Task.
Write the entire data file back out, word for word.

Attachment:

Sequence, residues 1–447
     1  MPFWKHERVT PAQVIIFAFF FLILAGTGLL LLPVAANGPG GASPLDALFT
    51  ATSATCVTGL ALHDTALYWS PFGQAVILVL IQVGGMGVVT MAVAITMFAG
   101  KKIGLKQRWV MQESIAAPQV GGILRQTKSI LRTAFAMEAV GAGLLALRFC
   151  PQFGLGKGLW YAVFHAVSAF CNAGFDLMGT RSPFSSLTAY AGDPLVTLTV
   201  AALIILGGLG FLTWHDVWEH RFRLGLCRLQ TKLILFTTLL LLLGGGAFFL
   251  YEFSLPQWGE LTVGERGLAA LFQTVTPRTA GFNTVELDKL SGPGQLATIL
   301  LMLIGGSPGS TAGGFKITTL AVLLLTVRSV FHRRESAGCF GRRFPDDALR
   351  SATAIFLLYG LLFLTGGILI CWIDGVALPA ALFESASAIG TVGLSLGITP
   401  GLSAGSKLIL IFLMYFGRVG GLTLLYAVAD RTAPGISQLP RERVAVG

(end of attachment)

Sequence, residues 1–447
     1  MPFWKHERVT PAQVIIFAFF FLILAGTGLL LLPVAANGPG GASPLDALFT
    51  ATSATCVTGL ALHDTALYWS PFGQAVILVL IQVGGMGVVT MAVAITMFAG
   101  KKIGLKQRWV MQESIAAPQV GGILRQTKSI LRTAFAMEAV GAGLLALRFC
   151  PQFGLGKGLW YAVFHAVSAF CNAGFDLMGT RSPFSSLTAY AGDPLVTLTV
   201  AALIILGGLG FLTWHDVWEH RFRLGLCRLQ TKLILFTTLL LLLGGGAFFL
   251  YEFSLPQWGE LTVGERGLAA LFQTVTPRTA GFNTVELDKL SGPGQLATIL
   301  LMLIGGSPGS TAGGFKITTL AVLLLTVRSV FHRRESAGCF GRRFPDDALR
   351  SATAIFLLYG LLFLTGGILI CWIDGVALPA ALFESASAIG TVGLSLGITP
   401  GLSAGSKLIL IFLMYFGRVG GLTLLYAVAD RTAPGISQLP RERVAVG